Your article did not explain how the Mughrabi ramp got there in the first place. Before 1967 the whole area was known as the Mughrabi quarter and one was able to access the Haram al-Sharif via the Mughrabi Gate. Days after Israel occupied the Old City most of the Mughrabi Quarter was flattened with bulldozers to create the plaza in front of the Western Wall. It took the wholesale expulsion of the inhabitants of the quarter to do this. In the early 1970s the last remaining houses of the Mughrabi quarter, those adjoining the Mughrabi Gate, were demolished after the inhabitants were expelled. The Mughrabi ramp (created to ensure access to the Haram al-Sherif) consists of the rubble of these houses, mixed with sand and concrete. The bridge was built after storm and rain made the ramp unstable. When I visited the Haram al-Sherif/Temple Mount in 2008 I walked over the bridge to the Mughrabi Gate. Below me archaeologists were digging. I could see the layers of older houses beneath the level of the Mughrabi quarter, which was itself ancient. I can understand Arab and Palestinian suspicions regarding Israel's intentions with the bridge. It all has to be placed into context, the context of ethnic cleansing and colonisation. It is not a surprise that Jewish ultranationalists are clamouring for the building of a permanent bridge, because they of course regard it as a bridgehead in the conquest of the Haram al-Sherif. It is not a coincidence that the decision to close the bridge is taken, while the most extreme Israeli government and Jerusalem municipality is in power. Technically it wouldn't have been much of a challenge to keep the existing bridge safe. Any change in the status quo made by the current Israeli government/Jerusalem municipality needs to be regarded with the utmost suspicion.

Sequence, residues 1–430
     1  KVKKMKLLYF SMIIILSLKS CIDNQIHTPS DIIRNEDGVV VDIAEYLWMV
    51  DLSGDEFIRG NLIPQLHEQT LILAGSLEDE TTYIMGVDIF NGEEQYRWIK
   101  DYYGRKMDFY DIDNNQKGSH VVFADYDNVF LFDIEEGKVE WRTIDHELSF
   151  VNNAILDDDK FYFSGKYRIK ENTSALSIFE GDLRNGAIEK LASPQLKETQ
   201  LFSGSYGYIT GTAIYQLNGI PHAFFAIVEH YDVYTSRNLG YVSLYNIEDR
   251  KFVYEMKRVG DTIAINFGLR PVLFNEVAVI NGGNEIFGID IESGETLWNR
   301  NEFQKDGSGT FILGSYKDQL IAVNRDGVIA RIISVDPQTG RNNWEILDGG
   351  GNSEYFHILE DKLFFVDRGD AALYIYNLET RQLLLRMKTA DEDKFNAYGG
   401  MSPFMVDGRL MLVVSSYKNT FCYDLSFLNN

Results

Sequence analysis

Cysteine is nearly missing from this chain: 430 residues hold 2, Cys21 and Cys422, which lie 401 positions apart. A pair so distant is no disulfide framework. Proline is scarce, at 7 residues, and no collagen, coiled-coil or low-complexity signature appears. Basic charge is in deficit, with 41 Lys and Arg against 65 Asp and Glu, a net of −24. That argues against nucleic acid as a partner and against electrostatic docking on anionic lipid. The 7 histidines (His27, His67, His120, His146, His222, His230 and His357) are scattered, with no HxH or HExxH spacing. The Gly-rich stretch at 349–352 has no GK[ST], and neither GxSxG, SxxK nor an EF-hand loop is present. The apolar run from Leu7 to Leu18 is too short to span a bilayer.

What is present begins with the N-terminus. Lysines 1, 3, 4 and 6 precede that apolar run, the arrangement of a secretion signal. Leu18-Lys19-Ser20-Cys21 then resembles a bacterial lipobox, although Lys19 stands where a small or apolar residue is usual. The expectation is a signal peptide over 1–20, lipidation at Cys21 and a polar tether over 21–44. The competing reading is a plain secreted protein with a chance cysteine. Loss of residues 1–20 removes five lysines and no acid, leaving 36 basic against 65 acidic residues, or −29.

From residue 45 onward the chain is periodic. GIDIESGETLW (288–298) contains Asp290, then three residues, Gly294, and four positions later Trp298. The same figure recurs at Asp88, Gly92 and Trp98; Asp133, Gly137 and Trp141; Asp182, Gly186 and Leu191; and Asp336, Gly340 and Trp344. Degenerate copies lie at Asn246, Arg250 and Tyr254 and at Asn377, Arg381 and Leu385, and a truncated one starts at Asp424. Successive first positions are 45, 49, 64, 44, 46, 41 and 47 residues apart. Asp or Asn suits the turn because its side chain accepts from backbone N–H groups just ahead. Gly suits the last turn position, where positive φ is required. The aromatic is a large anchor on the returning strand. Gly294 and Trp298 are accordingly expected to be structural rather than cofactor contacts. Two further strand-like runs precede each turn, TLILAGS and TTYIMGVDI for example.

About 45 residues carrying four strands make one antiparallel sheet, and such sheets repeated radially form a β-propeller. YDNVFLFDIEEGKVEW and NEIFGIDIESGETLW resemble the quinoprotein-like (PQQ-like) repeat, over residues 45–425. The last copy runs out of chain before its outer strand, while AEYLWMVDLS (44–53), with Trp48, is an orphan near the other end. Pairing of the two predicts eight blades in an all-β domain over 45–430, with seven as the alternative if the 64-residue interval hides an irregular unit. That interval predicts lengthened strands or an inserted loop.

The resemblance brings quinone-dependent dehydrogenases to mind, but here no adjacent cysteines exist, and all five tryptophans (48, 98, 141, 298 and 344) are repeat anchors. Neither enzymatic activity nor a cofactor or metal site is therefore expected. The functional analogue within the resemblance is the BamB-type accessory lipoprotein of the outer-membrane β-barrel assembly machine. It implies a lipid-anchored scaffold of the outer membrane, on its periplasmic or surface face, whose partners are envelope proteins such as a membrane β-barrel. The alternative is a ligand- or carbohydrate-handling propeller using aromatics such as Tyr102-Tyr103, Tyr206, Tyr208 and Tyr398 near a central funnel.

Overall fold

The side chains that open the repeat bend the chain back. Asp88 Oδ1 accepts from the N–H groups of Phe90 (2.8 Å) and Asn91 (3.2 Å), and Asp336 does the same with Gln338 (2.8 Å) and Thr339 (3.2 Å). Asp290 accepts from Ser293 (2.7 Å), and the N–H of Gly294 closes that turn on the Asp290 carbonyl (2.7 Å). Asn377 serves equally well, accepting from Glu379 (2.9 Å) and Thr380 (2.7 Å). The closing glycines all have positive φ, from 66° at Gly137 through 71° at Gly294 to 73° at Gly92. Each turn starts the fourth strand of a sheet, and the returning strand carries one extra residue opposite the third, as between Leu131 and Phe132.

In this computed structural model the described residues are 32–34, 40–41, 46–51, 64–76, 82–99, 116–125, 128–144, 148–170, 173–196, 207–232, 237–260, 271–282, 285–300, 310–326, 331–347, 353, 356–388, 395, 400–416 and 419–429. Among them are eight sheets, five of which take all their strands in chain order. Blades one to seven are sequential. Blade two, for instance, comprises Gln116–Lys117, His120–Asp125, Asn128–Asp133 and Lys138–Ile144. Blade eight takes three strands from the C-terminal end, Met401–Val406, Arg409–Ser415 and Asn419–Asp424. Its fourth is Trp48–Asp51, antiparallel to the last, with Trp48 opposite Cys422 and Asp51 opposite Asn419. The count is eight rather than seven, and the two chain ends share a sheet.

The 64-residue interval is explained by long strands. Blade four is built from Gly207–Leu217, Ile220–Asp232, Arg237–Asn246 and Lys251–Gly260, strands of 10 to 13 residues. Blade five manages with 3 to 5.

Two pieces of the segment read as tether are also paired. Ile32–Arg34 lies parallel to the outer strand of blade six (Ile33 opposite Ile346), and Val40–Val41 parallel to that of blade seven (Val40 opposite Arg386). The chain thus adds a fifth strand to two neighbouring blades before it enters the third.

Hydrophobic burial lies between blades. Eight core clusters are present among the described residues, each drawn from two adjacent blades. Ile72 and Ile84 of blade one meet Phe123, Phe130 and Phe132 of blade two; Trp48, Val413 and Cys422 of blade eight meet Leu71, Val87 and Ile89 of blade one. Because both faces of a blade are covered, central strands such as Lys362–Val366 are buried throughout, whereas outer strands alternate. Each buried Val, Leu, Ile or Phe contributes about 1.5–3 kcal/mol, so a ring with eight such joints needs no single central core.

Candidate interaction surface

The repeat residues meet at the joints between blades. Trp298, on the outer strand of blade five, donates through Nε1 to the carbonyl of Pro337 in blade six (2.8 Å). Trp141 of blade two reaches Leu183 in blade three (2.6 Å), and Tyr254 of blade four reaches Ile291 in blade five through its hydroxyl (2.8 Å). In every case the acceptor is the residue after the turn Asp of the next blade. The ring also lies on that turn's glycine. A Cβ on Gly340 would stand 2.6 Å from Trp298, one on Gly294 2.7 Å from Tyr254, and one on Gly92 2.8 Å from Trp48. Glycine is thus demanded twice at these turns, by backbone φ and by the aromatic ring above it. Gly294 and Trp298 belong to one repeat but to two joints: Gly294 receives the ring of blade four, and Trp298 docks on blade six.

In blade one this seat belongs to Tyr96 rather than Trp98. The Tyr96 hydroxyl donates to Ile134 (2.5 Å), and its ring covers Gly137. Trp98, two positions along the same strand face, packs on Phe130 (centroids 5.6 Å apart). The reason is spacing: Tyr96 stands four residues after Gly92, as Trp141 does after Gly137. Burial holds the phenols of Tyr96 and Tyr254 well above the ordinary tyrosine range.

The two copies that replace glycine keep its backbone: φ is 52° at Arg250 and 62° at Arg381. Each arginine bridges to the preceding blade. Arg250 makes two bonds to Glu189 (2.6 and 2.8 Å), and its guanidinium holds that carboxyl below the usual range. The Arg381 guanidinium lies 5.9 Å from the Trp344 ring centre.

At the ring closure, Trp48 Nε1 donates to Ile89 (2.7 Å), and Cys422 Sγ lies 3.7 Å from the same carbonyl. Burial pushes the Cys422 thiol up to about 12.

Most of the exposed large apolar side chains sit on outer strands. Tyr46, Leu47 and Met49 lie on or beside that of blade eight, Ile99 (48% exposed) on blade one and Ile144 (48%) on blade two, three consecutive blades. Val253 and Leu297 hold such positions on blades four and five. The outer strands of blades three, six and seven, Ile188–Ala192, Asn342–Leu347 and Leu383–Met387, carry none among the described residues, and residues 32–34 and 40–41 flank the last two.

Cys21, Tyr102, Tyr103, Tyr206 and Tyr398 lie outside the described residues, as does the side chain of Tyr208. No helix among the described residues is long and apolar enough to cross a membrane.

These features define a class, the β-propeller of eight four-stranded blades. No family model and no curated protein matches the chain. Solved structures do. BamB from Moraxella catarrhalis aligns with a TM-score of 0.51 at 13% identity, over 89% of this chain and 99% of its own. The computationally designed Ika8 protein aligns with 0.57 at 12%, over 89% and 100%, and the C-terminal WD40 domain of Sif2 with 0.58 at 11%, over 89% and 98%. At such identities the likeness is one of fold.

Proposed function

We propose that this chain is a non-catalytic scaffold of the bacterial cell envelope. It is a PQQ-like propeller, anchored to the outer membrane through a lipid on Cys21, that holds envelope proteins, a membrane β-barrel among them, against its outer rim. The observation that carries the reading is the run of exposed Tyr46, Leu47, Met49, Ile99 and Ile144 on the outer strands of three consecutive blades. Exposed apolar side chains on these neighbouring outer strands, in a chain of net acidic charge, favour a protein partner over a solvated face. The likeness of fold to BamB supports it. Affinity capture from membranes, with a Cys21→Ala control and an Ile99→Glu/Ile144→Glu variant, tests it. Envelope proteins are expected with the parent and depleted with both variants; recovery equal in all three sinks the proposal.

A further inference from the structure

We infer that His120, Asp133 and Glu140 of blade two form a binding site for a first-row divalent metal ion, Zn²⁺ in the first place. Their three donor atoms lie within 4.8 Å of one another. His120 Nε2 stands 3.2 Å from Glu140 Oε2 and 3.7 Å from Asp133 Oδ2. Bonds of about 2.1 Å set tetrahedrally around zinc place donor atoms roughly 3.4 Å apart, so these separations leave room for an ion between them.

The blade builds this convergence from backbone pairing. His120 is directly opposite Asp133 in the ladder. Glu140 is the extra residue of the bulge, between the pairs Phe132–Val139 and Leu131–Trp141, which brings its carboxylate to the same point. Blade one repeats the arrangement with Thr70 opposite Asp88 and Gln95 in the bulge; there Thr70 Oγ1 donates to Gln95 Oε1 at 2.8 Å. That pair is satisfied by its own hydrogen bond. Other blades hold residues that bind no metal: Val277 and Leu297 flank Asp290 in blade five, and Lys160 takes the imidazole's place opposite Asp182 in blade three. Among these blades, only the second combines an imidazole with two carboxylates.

Law expanding definition of terrorist activity passes first Knesset reading (Haaretz)
from the article: Jerusalem closes Mughrabi Bridge leading to Temple Mount